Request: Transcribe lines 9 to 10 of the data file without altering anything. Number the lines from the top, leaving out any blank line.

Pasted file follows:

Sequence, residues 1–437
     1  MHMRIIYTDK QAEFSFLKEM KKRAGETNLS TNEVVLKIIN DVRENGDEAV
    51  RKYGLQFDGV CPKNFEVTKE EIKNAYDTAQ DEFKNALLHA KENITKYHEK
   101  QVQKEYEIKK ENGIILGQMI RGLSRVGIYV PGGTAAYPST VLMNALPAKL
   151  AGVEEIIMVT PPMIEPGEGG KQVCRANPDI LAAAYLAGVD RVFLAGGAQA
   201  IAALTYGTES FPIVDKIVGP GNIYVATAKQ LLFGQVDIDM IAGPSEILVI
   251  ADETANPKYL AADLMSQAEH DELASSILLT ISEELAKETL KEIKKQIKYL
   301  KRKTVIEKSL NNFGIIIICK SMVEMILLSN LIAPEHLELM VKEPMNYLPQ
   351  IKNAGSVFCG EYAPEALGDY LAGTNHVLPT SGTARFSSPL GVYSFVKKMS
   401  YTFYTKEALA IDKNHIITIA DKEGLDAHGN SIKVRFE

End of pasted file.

   351  IKNAGSVFCG EYAPEALGDY LAGTNHVLPT SGTARFSSPL GVYSFVKKMS
   401  YTFYTKEALA IDKNHIITIA DKEGLDAHGN SIKVRFE